Michael Adams wins the London Chess Classic

by Carlos Alberto Colodro
12/11/2023 – Michael Adams became the first Englishman to win the London Chess Classic. At 52, the former World Championship candidate described this victory as “the best ever” in his career. In the final round, Adams drew Shreyas Royal with black, which meant Royal finished with 4/9 points, the score he needed to collect a second GM norm. The one decisive result of the day saw Hans Niemann beating Gukesh. Amin Tabatabaei, who signed a draw with Jules Moussard, got sole second place. | Photo: London Chess Classic

ChessBase 17 - Mega package - Edition 2024 ChessBase 17 - Mega package - Edition 2024

It is the program of choice for anyone who loves the game and wants to know more about it. Start your personal success story with ChessBase and enjoy the game even more.


A legend grabs the title, a youngster excels

Malcolm Pein, the organizer of the London Chess Classic, confessed that he “couldn’t have asked for more” from the thirteenth edition of the now traditional tournament. Besides English legend Michael Adams clinching the title and English rising star Shreyas Royal collecting his second GM norm at 14 years of age, the tournament was one of the most entertaining classical-chess events of the year.

While a lot of the attention throughout the round-robin went to the race for the Candidates, 52-year-old Adams quietly showcased his class to get a plus-three, undefeated score that granted him outright victory. The man from Truro beat Amin Tabatabaei, Mateusz Bartel and Jules Moussard on his way to what he described as “probably my best result ever”.

Adams explained that his biggest successes came when he was in his prime as a player, while this triumph, obtained at 52 years of age, feels entirely different. To get the title, he outscored the likes of Gukesh and Hans Niemann, two of the strongest and most ambitious juniors in the world. Not to mention the ever-dangerous Amin Tabatabaei and Nikita Vitiugov.

A few of the many professional achievements of Adams’ include:

  • Reaching the final of the 2004 FIDE World Championship knockout, where he lost to Rustam Kasimdzhanov in tiebreaks.
  • Winning the 2013 Dortmund super-tournament with a 7/9 score and a 2925 TPR. Adams outscored Fabiano Caruana (rated 2796) and ‘Mr. Dortmund’ Vladimir Kramnik (2784).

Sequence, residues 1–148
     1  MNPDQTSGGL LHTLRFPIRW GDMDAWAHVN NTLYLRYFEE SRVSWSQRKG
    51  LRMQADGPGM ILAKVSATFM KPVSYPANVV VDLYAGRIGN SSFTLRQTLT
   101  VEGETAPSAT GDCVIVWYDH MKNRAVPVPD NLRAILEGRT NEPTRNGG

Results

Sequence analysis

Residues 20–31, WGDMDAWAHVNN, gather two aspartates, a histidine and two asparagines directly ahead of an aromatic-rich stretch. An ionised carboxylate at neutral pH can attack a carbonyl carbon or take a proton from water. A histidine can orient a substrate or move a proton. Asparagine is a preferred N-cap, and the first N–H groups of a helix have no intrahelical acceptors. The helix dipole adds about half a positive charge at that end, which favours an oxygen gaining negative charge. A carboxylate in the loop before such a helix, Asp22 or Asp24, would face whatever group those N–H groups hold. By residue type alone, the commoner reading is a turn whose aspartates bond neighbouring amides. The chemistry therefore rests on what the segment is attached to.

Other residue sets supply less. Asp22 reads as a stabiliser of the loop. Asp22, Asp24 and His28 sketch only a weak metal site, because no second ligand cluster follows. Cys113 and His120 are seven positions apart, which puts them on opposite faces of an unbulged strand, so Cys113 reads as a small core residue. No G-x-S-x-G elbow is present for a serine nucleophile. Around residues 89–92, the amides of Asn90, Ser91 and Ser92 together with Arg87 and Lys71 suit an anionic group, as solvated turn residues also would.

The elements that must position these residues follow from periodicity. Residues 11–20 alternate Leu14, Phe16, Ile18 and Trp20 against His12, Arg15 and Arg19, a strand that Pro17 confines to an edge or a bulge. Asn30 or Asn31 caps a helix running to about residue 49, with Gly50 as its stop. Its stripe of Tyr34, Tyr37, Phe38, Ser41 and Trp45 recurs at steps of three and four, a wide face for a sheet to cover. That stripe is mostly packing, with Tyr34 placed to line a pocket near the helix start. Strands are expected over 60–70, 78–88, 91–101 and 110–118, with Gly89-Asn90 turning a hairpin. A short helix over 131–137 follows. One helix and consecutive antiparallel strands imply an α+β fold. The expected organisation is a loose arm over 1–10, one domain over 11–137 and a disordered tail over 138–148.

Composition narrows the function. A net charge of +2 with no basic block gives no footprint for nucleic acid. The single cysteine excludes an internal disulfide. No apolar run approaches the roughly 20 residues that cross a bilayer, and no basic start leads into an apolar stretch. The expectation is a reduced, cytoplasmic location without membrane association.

• Being an 8-time British champion, having won the title for the first time in 1989 and for the last time this year in Leicester!

Fittingly, Adams became the first English player to win the London Chess Classic.

Niemann beats Gukesh

A very entertaining tournament, the London Chess Classic saw at least one decisive result in all nine rounds of the event. On the last day of action, only Hans Niemann grabbed a full point, as he defeated fellow prodigy Gukesh with the white pieces.

Gukesh’s decisive mistake came on move 20, when he castled on the ‘wrong’ side of the board amid a double-edged struggle.

Castling queenside here keeps the dynamic balance, while Gukesh’s 20...0-0, played after thinking for more than 10 minutes, gives way to 21.Ra4, attacking the black kingside pawns along the fourth rank. It is White who can create more threats on that side of that board!

The queens soon left the board, and Niemann showed great positional play until getting his second win of the event.

Gukesh shared third place with Andrei Volokitin, both with 5/9 points, while Niemann finished a half point back, with a fifty-percent score. These results left Anish Giri as the frontrunner in the race to get a spot in the Candidates via the FIDE Circuit.

Final standings

All games


Carlos Colodro is a Hispanic Philologist from Bolivia. He works as a freelance translator and writer since 2012. A lot of his work is done in chess-related texts, as the game is one of his biggest interests, along with literature and music.